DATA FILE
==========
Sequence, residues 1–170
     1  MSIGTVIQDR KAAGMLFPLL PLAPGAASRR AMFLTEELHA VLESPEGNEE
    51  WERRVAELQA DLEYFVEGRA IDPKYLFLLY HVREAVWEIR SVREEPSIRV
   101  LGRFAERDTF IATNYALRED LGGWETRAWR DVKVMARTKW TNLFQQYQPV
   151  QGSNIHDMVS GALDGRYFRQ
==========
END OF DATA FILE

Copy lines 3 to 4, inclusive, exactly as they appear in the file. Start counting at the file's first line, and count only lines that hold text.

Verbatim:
    51  WERRVAELQA DLEYFVEGRA IDPKYLFLLY HVREAVWEIR SVREEPSIRV
   101  LGRFAERDTF IATNYALRED LGGWETRAWR DVKVMARTKW TNLFQQYQPV